After nearly 20 years and $2 million, Frank Lloyd Wright’s Barton House is once again ready for public appreciation. The house, built in 1903 in Buffalo, N.Y., is a shining example of Wright’s expertise in domestic architecture—but at the time, it was a gamble.
By the turn of the 20th century, Wright had hit his stride. The young architect, who was making a name for himself designing low-slung, open-plan houses often swathed in brick, broke out of his Midwestern bubble and earned his first East Coast commission.
It was a house in Buffalo for Delta and George Barton, the sister and brother-in-law of Darwin D. Martin, a wealthy businessman in town who was interested in using Wright to design a building for company he worked for. On the strength of the Barton House, Martin ended up commissioning Wright to design a multi-building estate called the Martin House Complex, which also includes the larger Martin House, a carriage house, a garden house, a conservatory, and a pergola.
The Barton House, the smaller of the two main structures, was in the style of his earlier “Prairie-style” homes, named for their resemblance to the broad, flat land they were often built on in Indiana, Illinois, and Michigan. Unlike many of its Midwestern counterparts, though, the Barton House is marked by some extravagant details that have been painstakingly updated during the pricey restoration.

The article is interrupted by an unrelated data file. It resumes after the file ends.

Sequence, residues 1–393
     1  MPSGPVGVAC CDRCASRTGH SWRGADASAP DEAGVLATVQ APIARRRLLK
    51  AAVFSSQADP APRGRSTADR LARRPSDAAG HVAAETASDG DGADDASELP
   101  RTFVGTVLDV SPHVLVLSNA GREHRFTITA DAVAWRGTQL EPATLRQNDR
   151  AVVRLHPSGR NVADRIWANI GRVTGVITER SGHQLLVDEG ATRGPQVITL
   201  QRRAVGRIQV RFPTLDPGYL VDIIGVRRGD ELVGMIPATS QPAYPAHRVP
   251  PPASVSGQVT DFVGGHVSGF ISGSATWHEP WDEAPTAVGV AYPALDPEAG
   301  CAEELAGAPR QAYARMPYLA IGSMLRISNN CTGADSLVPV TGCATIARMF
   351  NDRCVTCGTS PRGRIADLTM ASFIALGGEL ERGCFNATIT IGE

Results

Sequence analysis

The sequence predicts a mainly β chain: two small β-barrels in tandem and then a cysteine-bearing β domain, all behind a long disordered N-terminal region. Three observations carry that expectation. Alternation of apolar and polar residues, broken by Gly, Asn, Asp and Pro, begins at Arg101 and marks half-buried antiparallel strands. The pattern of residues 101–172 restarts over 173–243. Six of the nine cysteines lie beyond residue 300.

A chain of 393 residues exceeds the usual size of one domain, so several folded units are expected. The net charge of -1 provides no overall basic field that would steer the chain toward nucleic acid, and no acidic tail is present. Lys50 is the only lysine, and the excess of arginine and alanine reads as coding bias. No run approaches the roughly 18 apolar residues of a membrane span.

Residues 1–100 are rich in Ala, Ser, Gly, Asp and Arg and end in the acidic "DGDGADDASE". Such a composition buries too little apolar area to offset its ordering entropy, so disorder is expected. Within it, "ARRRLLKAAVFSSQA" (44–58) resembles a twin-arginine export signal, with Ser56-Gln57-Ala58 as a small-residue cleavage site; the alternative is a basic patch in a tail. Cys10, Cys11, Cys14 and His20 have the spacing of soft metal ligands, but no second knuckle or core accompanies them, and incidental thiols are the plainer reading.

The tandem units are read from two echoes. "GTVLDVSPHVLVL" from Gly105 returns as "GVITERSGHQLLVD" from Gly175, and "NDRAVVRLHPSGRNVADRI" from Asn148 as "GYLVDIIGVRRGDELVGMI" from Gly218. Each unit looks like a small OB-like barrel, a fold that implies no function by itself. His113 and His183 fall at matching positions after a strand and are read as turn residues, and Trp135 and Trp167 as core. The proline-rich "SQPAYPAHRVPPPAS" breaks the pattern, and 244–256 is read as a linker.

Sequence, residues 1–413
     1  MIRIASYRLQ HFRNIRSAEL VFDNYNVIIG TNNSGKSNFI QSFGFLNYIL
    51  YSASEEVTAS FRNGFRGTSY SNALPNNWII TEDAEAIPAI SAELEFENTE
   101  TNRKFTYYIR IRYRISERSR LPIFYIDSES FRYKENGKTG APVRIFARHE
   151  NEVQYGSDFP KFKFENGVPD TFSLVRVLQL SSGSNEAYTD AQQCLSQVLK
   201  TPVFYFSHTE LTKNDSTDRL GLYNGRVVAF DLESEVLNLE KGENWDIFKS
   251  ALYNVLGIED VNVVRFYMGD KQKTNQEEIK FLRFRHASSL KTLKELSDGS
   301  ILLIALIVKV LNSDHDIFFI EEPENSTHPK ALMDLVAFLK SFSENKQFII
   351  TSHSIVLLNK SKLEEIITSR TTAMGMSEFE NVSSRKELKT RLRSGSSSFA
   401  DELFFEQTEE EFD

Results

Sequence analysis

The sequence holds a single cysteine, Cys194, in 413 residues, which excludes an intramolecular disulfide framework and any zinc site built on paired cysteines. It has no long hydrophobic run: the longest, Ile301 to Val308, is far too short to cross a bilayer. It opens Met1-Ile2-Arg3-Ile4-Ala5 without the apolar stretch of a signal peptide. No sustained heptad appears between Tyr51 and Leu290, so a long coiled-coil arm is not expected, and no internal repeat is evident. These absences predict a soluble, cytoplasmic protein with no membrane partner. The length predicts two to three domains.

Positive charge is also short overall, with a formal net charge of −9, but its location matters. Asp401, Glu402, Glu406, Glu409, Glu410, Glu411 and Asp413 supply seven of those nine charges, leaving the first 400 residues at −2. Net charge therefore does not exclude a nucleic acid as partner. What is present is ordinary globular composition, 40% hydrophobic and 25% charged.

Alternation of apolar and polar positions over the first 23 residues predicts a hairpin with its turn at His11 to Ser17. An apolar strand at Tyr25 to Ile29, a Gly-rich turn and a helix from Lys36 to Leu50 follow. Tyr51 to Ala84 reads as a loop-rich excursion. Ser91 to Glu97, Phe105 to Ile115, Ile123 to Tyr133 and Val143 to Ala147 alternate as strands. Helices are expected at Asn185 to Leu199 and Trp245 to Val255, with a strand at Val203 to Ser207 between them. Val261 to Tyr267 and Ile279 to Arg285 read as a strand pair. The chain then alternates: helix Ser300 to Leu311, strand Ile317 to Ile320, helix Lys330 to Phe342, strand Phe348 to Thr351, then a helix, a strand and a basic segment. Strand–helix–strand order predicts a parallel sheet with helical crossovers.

The efforts brought both the interior and exterior back to life, including the glass art lighting fixtures, the subtly gilded wall finish that gives the house its unusual golden glow, and the oversized brick fireplace that’s acts as the sitting room’s centerpiece.
The house is now open to the public for tours as well as private bookings— so next time you find yourself in Buffalo, you have your plan.